• Care Home
  • Care home

Binley Woods

Overall: Good read more about inspection ratings

229 Rugby Road, Binley Woods, Coventry, West Midlands, CV3 2BB (024) 7654 5671

Provided and run by:
Young Foundations Limited

All Inspections

4 August 2022

During a monthly review of our data

We carried out a review of the data available to us about Binley Woods on 4 August 2022. We have not found evidence that we need to carry out an inspection or reassess our rating at this stage.

This could change at any time if we receive new information. We will continue to monitor data about this service.

If you have concerns about Binley Woods, you can give feedback on this service.

8 March 2018

During a routine inspection

This inspection took place on 8 March 2018, and was unannounced.

Binley Woods is a ‘care home’. People in care homes receive accommodation and nursing or personal care as single package under one contractual agreement. CQC regulates both the premises and the care provided, and both were looked at during this inspection. The home is split over two floors comprising communal areas and a kitchen. The service is registered to provide care and accommodation for to up to five people with mental health difficulties. At the time of our inspection there were five people living in the home.

At our last inspection we rated the service as Good. At this inspection we found the evidence continued to support the rating of good and there was no evidence or information from our inspection and ongoing monitoring that demonstrated serious risks or concerns. This inspection report is written in a shorter format because our overall rating of the service has not changed since our last inspection.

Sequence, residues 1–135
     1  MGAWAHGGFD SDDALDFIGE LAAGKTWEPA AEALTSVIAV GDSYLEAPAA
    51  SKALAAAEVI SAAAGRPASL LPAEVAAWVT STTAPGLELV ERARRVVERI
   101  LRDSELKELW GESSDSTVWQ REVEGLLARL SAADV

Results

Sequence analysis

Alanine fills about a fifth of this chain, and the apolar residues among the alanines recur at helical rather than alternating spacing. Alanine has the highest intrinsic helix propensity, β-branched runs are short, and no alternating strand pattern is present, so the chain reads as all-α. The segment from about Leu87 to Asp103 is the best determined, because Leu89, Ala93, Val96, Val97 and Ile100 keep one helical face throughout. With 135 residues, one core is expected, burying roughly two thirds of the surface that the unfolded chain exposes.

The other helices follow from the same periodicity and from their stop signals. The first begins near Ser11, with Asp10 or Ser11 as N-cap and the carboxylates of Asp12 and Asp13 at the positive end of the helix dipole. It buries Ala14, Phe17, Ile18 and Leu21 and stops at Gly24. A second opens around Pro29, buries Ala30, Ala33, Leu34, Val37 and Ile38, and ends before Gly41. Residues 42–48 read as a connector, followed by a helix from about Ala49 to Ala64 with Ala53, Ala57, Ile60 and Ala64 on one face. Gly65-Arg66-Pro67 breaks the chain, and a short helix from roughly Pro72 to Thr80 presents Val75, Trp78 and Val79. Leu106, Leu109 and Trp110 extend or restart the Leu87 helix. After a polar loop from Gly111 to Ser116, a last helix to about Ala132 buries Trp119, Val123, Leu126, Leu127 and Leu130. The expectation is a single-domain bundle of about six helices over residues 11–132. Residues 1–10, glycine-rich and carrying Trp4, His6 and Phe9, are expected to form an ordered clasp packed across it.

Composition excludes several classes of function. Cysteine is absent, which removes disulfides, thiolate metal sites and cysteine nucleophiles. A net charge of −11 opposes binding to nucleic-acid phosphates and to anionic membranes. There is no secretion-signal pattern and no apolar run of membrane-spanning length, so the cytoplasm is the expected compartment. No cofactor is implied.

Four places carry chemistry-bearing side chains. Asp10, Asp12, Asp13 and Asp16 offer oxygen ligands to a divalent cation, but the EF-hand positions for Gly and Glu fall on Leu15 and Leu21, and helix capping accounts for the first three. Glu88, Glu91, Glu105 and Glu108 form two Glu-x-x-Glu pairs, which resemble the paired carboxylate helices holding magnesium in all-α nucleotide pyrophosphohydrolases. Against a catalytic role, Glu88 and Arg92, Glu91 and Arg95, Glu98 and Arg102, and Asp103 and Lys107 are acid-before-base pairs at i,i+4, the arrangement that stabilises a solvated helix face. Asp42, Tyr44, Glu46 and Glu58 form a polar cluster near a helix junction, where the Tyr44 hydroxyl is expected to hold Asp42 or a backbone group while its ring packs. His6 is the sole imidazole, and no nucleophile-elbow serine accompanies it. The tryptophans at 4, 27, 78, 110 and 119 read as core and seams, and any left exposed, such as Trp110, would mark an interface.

A new registered manager was in post. A registered manager is a person who has registered with the Care Quality Commission to manage the service. Like registered providers, they are 'registered persons'. Registered persons have legal responsibility for meeting the requirements in the Health and Social Care Act 2008 and associated Regulations about how the service is run.

The registered manager took over from the previous manager in June 2017.

People felt safe with the staff who supported them, and we saw people were comfortable with staff. Staff received training in how to safeguard people from abuse and understood what action they should take in order to protect people from abuse. Risks to people’s safety were identified and minimised to keep people safe.

People were supported with their medicines by staff who were trained and assessed as competent to give medicines safely. Staff recorded medicines administration according to the provider’s policy and procedure, and checks were in place to ensure medicines were managed safely.

There were enough staff to meet people’s needs effectively. The provider conducted pre-employment checks prior to staff starting work, to ensure their suitability to support people. Staff told us they had not been able to work until these checks had been completed.

People were supported to have maximum choice and control of their lives and staff supported them in the least restrictive way possible; the policies and systems in the service supported this practice.

People and relatives told us staff were respectful and treated people with dignity. We observed this during interactions between people. The ethos of the home was focussed on supporting people to achieve as much as possible and moving them towards more independent living.